This post was co-written by Michelle Woodhouse, Program Manager, Fresh Water
Welcome to stop number two on the journey of plastic in Canada. We’ve left the Athabasca region and the destructive tar sands. Next, we’ll take a disturbing trip down Enbridge’s Line 5 pipeline which transports oil mined in Alberta to refineries in eastern Canada.
This Plastic Free July, we’re sharing the full story—and impacts—of plastics in Canada. Throughout the month of July, we’re taking you on a step-by-step journey that exposes the true cost of the plastic lifecycle. Oil and gas pipelines are a crucial link in the destructive cycle of plastics and one particular pipeline, Enbridge’s Line 5, deserves our attention.
Almost all plastic is made from fossil fuels. Once extracted, crude oil is shipped thousands of kilometres from Alberta to refineries and petrochemical plants across North America (including Sarnia, Ontario) to make plastics and other chemical products.
What Is the Line 5 Pipeline and What Does It Have to Do With Plastic Pollution?
Line 5, owned by Enbridge, is part of a network of pipelines that criss-cross North America, cutting through Indigenous territories to ferry their toxic bounty from oil and gas extraction sites to refineries, ports and petrochemical plants all over the continent.
Line 5 starts on the US side of the border in Superior, Wisconsin, where it is partly fed by a pipeline running from Alberta’s tar sands. The 70-year-old pipeline then trespasses on the territory of the Bad River Tribe, an Anishinaabe community on the south shore of Lake Superior. It continues east to cut through the sacred and ecologically precious Straits of Mackinac, which connects Lake Superior to Lake Huron, before feeding oil refineries and petrochemical plants in one of Canada’s major plastics producing hubs in Sarnia — the traditional territory of the Anishinabek Nation and home to the Aamjiwnaang First Nation.
Oil delivered to Sarnia through Line 5 gets refined into fuel and chemicals. One such chemical is benzene, a known carcinogen,used to make polystyrene foam (e.g. meat trays, packing peanuts, takeout food containers) and other harmful plastics.
Pipelines Like Line 5 Violate Indigenous Rights and Threaten the Environment
Pipelines are controversial, not least because they threaten ecological and human health and cause significant harm when they rupture. And leaks and large spills certainly happen. The worst inland spill in US history occurred when more than 1 million gallons of heavy crude from another Enbridge pipeline poured into the Kalamazoo River watershed in 2010. Line 5, too, has already dumped some 4.5 million litres of crude oil in the surrounding waters from 29 documented leaks since it was built in 1953. The biggest spill to date forced the evacuation of 500 people in Crystal Falls, Michigan, in 1999.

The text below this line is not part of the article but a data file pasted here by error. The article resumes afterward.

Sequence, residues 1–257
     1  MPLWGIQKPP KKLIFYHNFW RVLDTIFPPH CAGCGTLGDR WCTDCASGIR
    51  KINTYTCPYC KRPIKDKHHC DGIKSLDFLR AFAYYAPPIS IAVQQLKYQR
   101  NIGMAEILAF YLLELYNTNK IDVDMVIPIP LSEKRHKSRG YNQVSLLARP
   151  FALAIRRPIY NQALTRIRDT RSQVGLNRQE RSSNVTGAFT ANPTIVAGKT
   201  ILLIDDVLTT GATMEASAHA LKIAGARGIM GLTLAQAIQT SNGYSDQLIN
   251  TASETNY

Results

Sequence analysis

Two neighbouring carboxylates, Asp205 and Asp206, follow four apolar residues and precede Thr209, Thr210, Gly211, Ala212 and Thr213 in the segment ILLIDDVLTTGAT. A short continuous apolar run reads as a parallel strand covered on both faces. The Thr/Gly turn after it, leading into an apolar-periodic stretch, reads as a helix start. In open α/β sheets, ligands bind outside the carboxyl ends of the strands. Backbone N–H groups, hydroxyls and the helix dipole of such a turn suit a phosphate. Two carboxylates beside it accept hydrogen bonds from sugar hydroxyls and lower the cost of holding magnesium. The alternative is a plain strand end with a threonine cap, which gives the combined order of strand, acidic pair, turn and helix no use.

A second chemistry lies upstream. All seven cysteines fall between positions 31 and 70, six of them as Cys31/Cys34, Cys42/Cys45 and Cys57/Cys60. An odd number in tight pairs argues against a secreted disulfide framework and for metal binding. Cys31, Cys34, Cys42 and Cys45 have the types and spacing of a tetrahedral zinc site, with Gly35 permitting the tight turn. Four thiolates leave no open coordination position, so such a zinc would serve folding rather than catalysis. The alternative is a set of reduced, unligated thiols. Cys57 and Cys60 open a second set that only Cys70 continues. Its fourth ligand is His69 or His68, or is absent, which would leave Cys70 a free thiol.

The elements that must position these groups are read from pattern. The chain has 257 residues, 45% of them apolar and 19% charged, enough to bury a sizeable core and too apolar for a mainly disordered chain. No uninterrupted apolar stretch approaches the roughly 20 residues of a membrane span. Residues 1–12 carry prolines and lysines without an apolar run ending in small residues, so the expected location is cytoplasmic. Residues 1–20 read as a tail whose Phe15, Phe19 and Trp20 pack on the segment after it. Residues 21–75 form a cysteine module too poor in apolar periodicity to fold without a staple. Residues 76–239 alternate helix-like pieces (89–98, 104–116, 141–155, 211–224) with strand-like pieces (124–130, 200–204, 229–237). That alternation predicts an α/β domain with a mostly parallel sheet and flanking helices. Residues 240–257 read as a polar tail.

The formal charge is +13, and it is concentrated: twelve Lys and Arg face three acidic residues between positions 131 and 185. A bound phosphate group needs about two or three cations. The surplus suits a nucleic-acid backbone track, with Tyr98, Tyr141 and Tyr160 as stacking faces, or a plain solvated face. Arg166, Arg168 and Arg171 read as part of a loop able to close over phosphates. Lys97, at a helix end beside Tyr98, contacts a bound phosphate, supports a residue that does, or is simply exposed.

Because of the deteriorating state of the 70-year-old Line 5 and the threats it poses to their health and life ways, the Bad River Tribe is fighting to get the pipeline permanently removed from its territory and watershed. The tribe recently won an order in US federal court to shut down the segment of the pipeline that runs through its territory within three years. But every passing year, the likelihood of a catastrophic spill from Line 5 increases. Such a spill would ruin ecologically sensitive and sacred areas and poison the Great Lakes, the drinking water source for millions of people in the region.
Shockingly, the Canadian government is taking Enbridge’s side in the dispute, using a 1977 agreement with the US government to insist on the protection and ongoing operation of the pipeline. This, despite evidence that Canada doesn’t need Line 5.
The federal government has chosen to keep the oil flowing – and grease Enbridge’s interests – at the expense of the sovereignty and inherent rights of Indigenous peoples on both sides of the Canada-US border who want the pipeline shut down. Canada’s position also puts the protection of the environment and the drinking water of millions of people at risk.
Representatives of 51 Tribal and First Nations on both sides of the Canada-US border submitted a report earlier this year to the United Nations calling for Canada to get out of the way of the shutdown of Line 5. Please join these Indigenous leaders in calling for the Government of Canada to drop its demand to keep Line 5 open. Take action here.
More Plastic Means More Pipelines
Plastic production is set to triple by the year 2050—it’s quite literally the fossil fuel industry’s plan B as we begin transitioning towards green energy. And so, plastic and pipelines are intrinsically linked. Increased plastic production is just a way to prop up demand for oil and gas (and the pipelines that transport them) as the industry begins to sunset. We must not allow this to happen.